31 May Too Good To Be True?
Too Good To Be True?
May 31, 2017
What if I told you I knew of a stock-picking system that could turn $11,000 into over $1 million?
What if I told you picking those stocks would take about 32 seconds?
What if I told you that trading-for-a-living using this system would only have you working one day per year?
And what if I told you that it averaged over 30% per year over a period of 17 years, almost tripling what the stock market did in the same period of time?
Would you say it’s too good to be true?
I wouldn’t blame you if you did. I probably would, too.
Somewhere along the line, someone decided that too-good-to-be-true was a great way to take people’s money. Offer something apparently awesome, convince them that it’s awesome (even when it’s not), and then watch the money roll in.
Somewhere along the line, a lot of people got wise to this.
And somewhere along the line, we learned to throw out anything that sounds like it might be an effortlessly great opportunity.
But what happens when it’s actually not too-good-to-be-true? What happens if it’s really good AND true? Does that opportunity just slip away?
Looking back on my life, I realized that for twenty years I sold something that appeared to be too good to be true.
I told all of my students that:
- If they showed up every day.
- And followed the fundamentals I showed them.
- Their ranking would go up–guaranteed.
In retrospect, that sounds like a scam.
Junior tennis is a melting pot of evil USTA overlords, crazed parents, disinterested coaches, bratty kids and a lot of really great people. Given all that, it seems ludicrous to “guarantee” that a kid’s ranking would go up. There were too many variables, too many things that could go wrong.
Yet that’s what I did.
And guess what? I was right 100% of the time.
I never had a kid who followed those guidelines and didn’t dramatically improve his/her ranking. In fact, I once had a kid leave my program because he felt like he needed something better.
That kid, probably my biggest failure, had seen his ranking rise 86 spots from the day he started until the day he left. Even then, the guarantee had worked.
In short, I had watched a promise that was too-good-to-be-true betrue for over twenty years.
Which brings us back to my stock system from above.
$11k to a million in 17 years working for 30 seconds one day per year? Ridiculous.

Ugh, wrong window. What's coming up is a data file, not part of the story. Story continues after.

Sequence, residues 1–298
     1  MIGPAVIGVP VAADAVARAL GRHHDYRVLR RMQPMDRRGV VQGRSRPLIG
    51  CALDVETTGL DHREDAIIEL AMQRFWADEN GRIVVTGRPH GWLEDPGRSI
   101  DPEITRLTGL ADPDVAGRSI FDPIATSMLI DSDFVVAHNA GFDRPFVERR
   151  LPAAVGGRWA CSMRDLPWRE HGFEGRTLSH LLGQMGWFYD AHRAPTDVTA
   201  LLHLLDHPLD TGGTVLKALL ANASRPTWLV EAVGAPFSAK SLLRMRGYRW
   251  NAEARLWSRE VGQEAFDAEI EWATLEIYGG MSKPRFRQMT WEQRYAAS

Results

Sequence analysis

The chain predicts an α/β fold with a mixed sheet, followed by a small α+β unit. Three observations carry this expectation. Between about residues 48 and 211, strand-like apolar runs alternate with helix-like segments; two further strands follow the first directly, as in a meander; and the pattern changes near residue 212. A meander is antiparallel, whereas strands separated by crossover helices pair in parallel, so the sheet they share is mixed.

The system we’re talking about is from The Little Book That Still Beats the Market. It’s a value investing system (called “Magic Formula”) that is just as easy as I describe. The author, Joel Greenblatt, has a website you can go to, run a screen in one second, and all you have to do is:
- Buy shares in the 30 stocks that come up.
- Hold them for one year and one day.
- Do it again next year.
- That’s it.
Just doing that gives you the aforementioned returns. That’s what the research shows.
So I’ll pause a second and wait for your obvious question. I know it’s coming. Just please don’t yell.
IF IT’S SO EASY, WHY ISN’T EVERYONE DOING IT?!?
I asked you not to shout.
WELL, SOMETHING WITH RETURNS LIKE THAT WITH NO WORK INVOLVED IS OBVIOUSLY TOO GOOD TO BE TRUE!
My ears are bleeding.
Here’s the thing: the Magic Formula system loses.
For at least 5 months every year, the Magic Formula performs worse than the market. What’s more, the Magic Formula system can be negative for a whole year. Sometimes it’s negative for two years. Sometimes, it can even do worse than the market for as long as three years!
On one hand, the system kills the market and is super easy to trade. On the other hand, it loses for long stretches of time.
Over 17 years, it is definitely too-good-to-be-true, but for isolated stretches, it’s not good at all.
So which is it?
I think maybe it’s both. And that’s the real trick.
Even things that are amazing to the point of disbelief have downsides.
It’s true that the Magic Formula research guarantees that a trader will be wildly successful over a period of two decades, but within those two decades will be times it doesn’t work at all.
It’s also true that I guaranteed ranking improvement over time, but within that period of time my students lost matches.
Even too-good-to-be-true fails miserably from time to time.
And that’s the good part. If something fails, you know it will succeed in the long run.
For example, Bernie Madoff never failed to deliver perfectly consistent returns. That too-good-to-be-true performance turned out to be a scam– because it never failed.
A system that never loses isn’t real. A coach that promises no heartbreak is a liar.
The truth is: if we really want to reap the incredible benefits of something that seems too good to be true, we have to experience things that don’t seem good at all.
If we can do that, fantastic things are possible. The Magic Formula system shows us that.
I wonder if daytrading robots like The Heron are too good to be true? We’ll discuss that (and more) tomorrow.